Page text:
By Shane McNeil
It’s less than a year until next season’s Grey Cup festivities and Ottawa’s football and entertainment minds already have the end zone in sight.
The game, dubbed “Kickin’ it in the Capital” by promoters, will hit Ottawa on Nov. 21, 2004.
A five-day festival surrounding the final is already in the works.
Organizers sent a team of approximately 50 delegates to this year’s Grey Cup in Regina.
This group included players, Ottawa alumni, team officials, organizers and some supportive politicians. Team Governor and CEO Randy Gillies saw lots of opportunities to get the City of Ottawa involved in the event.
“This year’s Grey Cup was such a great Regina event,” says Gillies. “It gave us a lot of ideas on how we could make next year’s a huge success.”
Gillies won’t have to think too hard to come up with popular events. The Beaver Bash, hosted by the Renegades at this year’s final, was called one of the biggest parties held all weekend by local and national media.
The party attracted many of the CFL’s elite players and executives at a hotel ballroom to wine and dine and talk about issues surrounding the league and the Grey Cup in particular.
The planning team has every intention of bringing the event home next year.
“It will just be one long week of parties, concerts and events,” says communications co-ordinator Guy Napert-Frenette.
Plans for concerts and comedy nights are already in the works, though no performers have been mentioned yet. Organizers also plan on hosting a Fan Fest featuring exhibits, interactive games and challenges, and player appearances.
They are expecting about 100,000 people for the event and are hoping for revenues of up to $50 million for the city.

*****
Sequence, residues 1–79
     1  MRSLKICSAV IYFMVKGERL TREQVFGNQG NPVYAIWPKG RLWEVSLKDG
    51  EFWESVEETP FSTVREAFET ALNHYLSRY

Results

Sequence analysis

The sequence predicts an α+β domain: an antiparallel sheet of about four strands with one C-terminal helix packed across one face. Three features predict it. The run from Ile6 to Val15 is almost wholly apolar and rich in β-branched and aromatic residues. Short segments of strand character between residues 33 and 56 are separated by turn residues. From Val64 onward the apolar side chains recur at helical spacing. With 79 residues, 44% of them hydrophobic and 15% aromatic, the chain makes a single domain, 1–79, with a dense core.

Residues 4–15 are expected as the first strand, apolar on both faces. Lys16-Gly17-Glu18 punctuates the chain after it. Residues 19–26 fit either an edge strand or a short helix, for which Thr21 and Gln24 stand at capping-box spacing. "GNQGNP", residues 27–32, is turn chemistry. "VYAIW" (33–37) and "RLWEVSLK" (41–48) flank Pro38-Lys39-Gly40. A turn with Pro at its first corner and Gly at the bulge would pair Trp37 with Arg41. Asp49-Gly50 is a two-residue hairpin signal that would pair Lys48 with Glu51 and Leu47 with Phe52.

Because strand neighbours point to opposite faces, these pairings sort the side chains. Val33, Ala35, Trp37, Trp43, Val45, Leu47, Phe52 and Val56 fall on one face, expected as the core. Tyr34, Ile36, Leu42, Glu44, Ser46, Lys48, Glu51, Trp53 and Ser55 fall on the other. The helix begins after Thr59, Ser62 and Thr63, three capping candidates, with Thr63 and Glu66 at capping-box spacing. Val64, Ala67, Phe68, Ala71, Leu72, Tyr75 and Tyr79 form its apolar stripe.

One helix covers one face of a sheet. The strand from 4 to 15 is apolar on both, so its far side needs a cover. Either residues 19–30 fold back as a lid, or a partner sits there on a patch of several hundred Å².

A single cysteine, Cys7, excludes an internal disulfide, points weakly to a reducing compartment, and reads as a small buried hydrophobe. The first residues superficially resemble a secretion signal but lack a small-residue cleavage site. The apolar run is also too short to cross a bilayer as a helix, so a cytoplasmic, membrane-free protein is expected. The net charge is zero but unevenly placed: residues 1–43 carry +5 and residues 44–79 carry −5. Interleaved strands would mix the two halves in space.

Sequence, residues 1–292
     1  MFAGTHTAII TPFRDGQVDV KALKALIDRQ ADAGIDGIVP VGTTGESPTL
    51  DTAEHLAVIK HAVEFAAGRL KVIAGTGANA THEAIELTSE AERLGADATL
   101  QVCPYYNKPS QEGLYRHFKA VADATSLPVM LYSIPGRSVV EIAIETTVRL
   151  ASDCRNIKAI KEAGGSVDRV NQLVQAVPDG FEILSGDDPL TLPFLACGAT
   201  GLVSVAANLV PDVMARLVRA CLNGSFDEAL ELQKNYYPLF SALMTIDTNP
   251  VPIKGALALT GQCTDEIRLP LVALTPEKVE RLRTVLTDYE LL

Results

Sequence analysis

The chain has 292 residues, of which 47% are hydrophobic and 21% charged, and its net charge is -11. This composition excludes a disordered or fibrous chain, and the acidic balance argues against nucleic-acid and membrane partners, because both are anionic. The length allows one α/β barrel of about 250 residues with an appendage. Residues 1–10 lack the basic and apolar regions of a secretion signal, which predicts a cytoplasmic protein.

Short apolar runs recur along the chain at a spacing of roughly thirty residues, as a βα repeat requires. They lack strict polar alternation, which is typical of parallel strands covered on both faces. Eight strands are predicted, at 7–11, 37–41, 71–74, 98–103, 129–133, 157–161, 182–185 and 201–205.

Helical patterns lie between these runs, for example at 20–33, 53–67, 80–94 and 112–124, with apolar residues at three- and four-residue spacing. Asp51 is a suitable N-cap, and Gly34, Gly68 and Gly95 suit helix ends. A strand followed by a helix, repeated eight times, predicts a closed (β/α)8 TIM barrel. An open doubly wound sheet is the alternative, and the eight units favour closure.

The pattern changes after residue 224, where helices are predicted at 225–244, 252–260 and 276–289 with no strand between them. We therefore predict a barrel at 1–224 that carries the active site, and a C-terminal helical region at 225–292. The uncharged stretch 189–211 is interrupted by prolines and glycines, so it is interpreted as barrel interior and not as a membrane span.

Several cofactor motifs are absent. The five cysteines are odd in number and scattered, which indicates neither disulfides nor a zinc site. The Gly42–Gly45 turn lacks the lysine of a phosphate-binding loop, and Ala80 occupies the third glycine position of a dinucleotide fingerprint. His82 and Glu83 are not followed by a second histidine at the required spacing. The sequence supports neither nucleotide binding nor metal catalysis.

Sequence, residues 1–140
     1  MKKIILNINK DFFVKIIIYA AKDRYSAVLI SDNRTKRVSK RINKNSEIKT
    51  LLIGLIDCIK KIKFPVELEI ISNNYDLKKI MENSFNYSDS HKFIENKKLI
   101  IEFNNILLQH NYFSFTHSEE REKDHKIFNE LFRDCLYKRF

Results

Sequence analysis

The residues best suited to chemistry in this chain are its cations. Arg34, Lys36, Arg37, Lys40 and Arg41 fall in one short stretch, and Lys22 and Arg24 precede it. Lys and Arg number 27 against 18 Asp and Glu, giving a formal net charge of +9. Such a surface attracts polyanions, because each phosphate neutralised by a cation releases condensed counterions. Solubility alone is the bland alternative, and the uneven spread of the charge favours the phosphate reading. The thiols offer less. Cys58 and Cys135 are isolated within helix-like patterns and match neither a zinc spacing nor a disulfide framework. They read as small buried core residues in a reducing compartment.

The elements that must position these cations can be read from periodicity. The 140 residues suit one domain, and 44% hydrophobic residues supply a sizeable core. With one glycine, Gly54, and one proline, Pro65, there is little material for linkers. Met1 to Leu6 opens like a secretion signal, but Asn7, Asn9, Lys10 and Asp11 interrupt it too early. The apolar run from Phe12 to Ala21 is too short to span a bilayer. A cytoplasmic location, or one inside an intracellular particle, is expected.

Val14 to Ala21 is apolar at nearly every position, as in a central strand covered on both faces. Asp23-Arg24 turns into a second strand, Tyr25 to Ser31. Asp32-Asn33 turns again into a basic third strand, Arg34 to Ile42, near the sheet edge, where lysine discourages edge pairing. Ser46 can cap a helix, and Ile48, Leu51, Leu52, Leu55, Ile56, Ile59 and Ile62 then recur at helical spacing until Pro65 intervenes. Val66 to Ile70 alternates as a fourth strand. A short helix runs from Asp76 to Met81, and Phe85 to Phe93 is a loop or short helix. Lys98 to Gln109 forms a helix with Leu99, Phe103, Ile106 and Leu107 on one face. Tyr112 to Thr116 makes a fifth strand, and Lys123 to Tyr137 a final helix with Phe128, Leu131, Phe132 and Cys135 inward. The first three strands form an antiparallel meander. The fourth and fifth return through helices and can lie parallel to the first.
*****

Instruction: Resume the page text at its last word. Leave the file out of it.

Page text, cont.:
Team president Brad Watters says the city should be able to handle the influx of people.
“It’s only a week, so it’s not going to take any longer than the exhibition,” he says. Watters, who made the trip to Regina this year, says his largest problem with this year’s Grey Cup was that the events were spread too far across the city.
With such large crowds expected, keeping the events close together is important to organizers. Napert-Frenette says Sparks Street, Elgin Street and the Byward Market are key spots being targeted for the festivities.
There will also be a welcome centre set up at City Hall to provide information to visitors.
Organizers have already run into some snags planning for the game. The Ottawa Coliseum group, which puts a dome over the field at Frank Clair Stadium each winter, would likely have to delay its opening as they wait for the stadium to vacate after the event. Negotiations are ongoing between Coliseum representatives and the City of Ottawa. The two sides are still debating over compensation for the business the Coliseum would lose due to delaying their opening.
But Gillies says he is sure that the show will go on as planned.
“This will be huge for the city,” he says. “There was a time when a lot of people didn’t want anything to do with football in this city. But we’re hoping to bring back some of the glory and create a lot of pride for the city.”
The organizing team still has a lot to do. They are still planning to return to Regina and fully assess how the city did this year. They will also continue to promote the game in schools, and try to recruit volunteers before training camp opens in April.
“This is the biggest event this city’s seen in a long time,” says Watters of hosting the Grey Cup. “It’s something special and it will be treated that way.”